(ii) oxidizing said glucose to obtain gluconic acid;
(iii) reducing said gluconic acid to obtain caproic acid;
(iv) chlorinating said caproic acid to obtain 6-chlorocaproic acid;
(v) cyclizing said 6-chlorocaproic acid to obtain ε-caprolactone represented by the following formula (II):
and
(vi) executing ring-opening polymerization of said ε-caprolactone.
3. The method according to claim 1 or 2, wherein the step of obtaining glucose from starch is executed by hydrolysis utilizing an acid.
4. The method according to claim 1, wherein the step of obtaining gluconolactone from glucose is executed by bromine oxidation.
5. The method according to claim 2, wherein the step of obtaining gluconic acid from glucose is executed by oxidation utilizing bromine and concentrated sulfuric acid.
6. The method according to claim 1, wherein the step of obtaining caproic acid from gluconolactone is executed by a reducing reaction utilizing hydroiodic acid and red phosphorus.
7. The method according to claim 2, wherein the step of obtaining caproic acid from gluconic acid is executed by a reducing reaction utilizing hydroiodic acid and red phosphorus.
8. The method according to claim 1 or 2, wherein the step of obtaining 6-chlorocaproic acid from caproic acid is executed by a chlorination reaction utilizing chlorine and concentrated sulfuric acid.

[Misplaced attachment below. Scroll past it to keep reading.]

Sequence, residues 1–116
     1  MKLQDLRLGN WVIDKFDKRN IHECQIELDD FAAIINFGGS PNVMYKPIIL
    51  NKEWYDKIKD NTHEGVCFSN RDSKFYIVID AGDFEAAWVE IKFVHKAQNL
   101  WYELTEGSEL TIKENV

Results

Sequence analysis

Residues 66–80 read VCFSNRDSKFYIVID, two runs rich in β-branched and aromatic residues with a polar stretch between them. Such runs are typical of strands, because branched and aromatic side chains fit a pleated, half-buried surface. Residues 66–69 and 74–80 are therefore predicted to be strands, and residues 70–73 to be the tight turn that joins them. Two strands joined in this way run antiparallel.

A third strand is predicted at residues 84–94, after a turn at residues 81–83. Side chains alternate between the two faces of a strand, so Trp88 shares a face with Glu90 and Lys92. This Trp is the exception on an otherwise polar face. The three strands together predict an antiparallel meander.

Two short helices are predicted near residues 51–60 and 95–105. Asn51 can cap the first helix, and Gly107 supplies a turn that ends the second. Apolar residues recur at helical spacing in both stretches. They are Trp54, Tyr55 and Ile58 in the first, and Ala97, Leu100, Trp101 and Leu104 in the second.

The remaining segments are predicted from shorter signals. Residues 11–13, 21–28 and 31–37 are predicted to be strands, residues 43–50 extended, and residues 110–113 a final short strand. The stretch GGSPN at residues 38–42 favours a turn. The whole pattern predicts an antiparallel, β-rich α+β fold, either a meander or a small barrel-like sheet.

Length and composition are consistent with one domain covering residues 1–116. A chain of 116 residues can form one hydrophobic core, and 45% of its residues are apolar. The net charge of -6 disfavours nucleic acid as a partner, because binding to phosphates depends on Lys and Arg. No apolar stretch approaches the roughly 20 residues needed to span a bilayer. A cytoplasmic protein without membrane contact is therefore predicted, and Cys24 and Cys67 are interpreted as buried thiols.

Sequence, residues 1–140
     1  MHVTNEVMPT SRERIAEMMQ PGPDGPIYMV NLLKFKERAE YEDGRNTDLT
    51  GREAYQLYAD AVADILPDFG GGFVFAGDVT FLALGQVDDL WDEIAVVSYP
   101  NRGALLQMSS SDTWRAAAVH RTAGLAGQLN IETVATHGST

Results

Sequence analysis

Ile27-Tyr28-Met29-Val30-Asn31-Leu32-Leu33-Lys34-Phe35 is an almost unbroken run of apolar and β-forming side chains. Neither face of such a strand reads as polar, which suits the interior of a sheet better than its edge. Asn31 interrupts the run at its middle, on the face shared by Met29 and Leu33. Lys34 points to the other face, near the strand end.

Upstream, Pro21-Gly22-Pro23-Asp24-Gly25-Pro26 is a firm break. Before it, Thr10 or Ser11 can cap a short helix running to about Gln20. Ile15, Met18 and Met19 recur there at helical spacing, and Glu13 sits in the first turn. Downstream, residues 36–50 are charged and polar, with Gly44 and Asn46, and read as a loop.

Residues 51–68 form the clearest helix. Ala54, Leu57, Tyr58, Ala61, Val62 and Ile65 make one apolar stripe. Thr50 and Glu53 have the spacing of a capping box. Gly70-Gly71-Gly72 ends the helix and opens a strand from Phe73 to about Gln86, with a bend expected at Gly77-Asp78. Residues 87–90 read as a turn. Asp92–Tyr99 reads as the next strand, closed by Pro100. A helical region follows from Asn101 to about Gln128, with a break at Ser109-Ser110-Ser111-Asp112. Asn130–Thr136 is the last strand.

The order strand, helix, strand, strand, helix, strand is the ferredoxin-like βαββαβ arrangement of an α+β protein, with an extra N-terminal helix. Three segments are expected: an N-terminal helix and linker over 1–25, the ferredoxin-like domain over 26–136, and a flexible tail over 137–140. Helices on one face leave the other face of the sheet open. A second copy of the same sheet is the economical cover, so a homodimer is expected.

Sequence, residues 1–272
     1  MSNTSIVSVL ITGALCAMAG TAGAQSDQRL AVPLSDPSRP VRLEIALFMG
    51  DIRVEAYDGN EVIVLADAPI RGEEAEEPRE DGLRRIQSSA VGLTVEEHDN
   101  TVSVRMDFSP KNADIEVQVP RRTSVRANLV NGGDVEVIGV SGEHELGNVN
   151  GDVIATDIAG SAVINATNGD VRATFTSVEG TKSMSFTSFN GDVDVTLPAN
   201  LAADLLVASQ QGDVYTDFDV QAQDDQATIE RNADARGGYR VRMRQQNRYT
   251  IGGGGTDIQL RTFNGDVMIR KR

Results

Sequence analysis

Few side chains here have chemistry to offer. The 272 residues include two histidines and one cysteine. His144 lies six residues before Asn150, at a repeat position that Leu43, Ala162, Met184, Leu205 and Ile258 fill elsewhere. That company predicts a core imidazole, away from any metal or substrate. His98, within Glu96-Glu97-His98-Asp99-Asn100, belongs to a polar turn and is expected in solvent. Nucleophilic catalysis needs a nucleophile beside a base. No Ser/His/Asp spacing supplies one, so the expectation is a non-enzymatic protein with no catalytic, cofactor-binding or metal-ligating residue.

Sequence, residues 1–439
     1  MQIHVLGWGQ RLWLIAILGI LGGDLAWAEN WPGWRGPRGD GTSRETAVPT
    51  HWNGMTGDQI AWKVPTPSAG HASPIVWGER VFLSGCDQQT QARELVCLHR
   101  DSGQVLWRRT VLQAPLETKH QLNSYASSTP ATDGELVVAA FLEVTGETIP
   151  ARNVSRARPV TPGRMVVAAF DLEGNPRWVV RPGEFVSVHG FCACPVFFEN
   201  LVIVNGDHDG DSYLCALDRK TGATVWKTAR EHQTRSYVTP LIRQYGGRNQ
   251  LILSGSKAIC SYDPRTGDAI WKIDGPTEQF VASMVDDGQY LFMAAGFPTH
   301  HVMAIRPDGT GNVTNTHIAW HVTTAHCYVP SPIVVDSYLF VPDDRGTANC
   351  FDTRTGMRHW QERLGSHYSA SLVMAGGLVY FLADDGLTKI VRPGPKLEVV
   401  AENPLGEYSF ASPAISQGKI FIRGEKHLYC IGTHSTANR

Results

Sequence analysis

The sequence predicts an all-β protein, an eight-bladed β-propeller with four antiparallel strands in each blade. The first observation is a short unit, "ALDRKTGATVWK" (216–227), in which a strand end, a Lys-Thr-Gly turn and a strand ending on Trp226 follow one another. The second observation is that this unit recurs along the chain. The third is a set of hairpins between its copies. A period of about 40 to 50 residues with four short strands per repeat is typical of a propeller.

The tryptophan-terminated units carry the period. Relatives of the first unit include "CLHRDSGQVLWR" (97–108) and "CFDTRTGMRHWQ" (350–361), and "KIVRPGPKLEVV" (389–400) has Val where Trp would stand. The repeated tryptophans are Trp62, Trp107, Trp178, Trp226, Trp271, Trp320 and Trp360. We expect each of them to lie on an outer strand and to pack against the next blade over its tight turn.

9. The method according to claim 1 or 2, wherein the step of obtaining ε-caprolactone from 6-chlorocaproic acid is executed by a cyclization reaction utilizing an aqueous solution of sodium hydroxide.
10. The method according to claim 1 or 2, wherein the step of ring-opening polymerization of ε-caprolactone is executed by a ring-opening polymerization utilizing a polymerization catalyst and a polymerization initiator.
Description
    BACKGROUND OF THE INVENTION
  • [0001]
    1. Field of the Invention
  • [0002]
    The present invention relates to a method for producing aliphatic polyester and a method for using starch as a resource.
  • [0003]
    2. Related Background Art
  • [0004]